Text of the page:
The Sharm el-Sheikh Sham

The Sharm el-Sheikh Sham

The Sharm el-Sheikh Sham

What the foreign papers are saying.
Oct. 19 2000 9:00 PM

The Sharm el-Sheikh Sham

Even the most optimistic readers will be hard-pressed to find a reaction to the Sharm el-Sheikh crisis summit with the emotional thermostat set higher than "gloom and doom." The Times of London described it as being "among the most dispiriting episodes in the bleak annals of international attempts to dampen down the flames of Arab-Israeli conflict." The editorial continued, "The American President, who has had to watch seven years of peace-building being torn apart in 20 days, set out to do no more than short-circuit the currents of hatred—but even that was a task almost beyond his charisma and legendary stamina." Australia's Sydney Morning Herald took solace in low expectations:

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For the moment, about all that can be said is that it was a sort of miracle—given the mood of bleak, bitter pessimism when the 28-hour summit began on Monday—that any result at all was achieved.

June Thomas June Thomas

June Thomas is managing producer of Slate podcasts.

The Financial Times declared the summit's final statement "the best that could have been hoped for given the mood of high tension and mutual recrimination" and concluded, "A new generation of Palestinians has set a new agenda, far removed from previous peace accords. Sharm el-Sheikh is unlikely to deflect them from their goal." The Irish Times, which has covered more than its share of peace negotiations regarding the troubles in the North, was more hopeful; in addition to lauding increased European Union and U.N. involvement in the process, "to counter the United States's imbalanced support for Israel," it proclaimed:

Israeli and Palestinian leaders have come sufficiently close to the brink of negotiating collapse to think twice about propelling themselves over the precipice of potentially much deeper conflict. They both face dreadfully difficult choices about their future and legitimacy should they fail. They are aware that more radical elements are waiting to take the initiative, capable of driving the Middle East region in more dangerous directions.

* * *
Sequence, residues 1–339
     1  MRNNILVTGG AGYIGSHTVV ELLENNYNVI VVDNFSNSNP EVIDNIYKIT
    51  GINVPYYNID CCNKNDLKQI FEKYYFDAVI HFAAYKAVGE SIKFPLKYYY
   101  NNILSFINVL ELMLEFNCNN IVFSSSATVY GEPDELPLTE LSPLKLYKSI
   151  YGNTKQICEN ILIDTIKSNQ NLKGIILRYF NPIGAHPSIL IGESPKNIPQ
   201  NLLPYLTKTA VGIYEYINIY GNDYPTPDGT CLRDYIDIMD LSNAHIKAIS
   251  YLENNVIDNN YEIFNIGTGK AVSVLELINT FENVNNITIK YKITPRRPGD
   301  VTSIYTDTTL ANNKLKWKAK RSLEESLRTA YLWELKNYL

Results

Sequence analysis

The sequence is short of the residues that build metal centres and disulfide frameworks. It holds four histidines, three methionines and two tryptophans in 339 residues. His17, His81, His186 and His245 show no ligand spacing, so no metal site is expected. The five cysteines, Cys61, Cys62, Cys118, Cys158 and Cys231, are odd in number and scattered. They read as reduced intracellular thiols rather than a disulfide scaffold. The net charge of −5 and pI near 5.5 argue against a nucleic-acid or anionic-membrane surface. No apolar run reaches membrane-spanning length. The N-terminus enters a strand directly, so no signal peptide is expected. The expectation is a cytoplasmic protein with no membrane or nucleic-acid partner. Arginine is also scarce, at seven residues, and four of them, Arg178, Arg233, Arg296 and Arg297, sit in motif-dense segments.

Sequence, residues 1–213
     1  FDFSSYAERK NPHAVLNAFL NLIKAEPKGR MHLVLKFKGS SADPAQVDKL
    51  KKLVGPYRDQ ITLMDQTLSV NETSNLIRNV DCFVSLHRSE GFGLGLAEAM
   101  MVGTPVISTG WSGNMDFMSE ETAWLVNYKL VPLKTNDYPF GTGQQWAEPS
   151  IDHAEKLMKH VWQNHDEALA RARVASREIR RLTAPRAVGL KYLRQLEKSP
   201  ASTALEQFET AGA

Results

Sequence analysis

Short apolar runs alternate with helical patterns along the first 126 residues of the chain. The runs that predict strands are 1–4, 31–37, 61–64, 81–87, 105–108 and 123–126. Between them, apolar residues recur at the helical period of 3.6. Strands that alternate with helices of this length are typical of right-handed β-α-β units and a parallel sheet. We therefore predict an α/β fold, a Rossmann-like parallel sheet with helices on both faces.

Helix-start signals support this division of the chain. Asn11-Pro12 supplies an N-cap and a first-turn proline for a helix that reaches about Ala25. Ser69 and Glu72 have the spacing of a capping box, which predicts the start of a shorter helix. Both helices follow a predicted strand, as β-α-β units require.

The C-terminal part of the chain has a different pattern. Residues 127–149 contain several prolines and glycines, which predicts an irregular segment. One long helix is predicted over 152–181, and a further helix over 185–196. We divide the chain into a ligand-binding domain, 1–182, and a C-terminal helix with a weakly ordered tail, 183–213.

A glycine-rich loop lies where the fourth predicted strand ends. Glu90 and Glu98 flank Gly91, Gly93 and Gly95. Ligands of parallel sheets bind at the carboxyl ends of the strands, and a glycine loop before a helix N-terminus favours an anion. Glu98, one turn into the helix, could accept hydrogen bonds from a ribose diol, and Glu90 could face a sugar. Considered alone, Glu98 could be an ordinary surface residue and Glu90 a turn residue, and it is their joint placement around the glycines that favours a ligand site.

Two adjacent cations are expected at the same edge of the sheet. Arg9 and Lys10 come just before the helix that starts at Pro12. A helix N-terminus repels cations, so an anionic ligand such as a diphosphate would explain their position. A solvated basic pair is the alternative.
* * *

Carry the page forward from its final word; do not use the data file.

In Israel, an analysis in the liberal Ha'aretz complained that "the Sharm agreement is no more than a statement of intentions, with each side reserving the right to declare the other side in violation at any moment—a declaration that will have no legal force, since there is no actual agreement." (The meeting concluded without signed accords, there was merely a statement read by President Bill Clinton.) The Jerusalem Post was forthright:

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Enough with equivocation: It is the Palestinians, not Israel that must now prove their desire for peace. This must be immediate and comprehensive, demonstrated by the Palestinian leadership, security apparatus, and the majority of the populace. If not, then all that was achieved at Sharm was a temporary truce. Law and order need not be "restored" in Israel, for it was never lacking. However, it must be instituted in the Palestinian Authority, which is run with a convenient mix of autocracy and anarchy.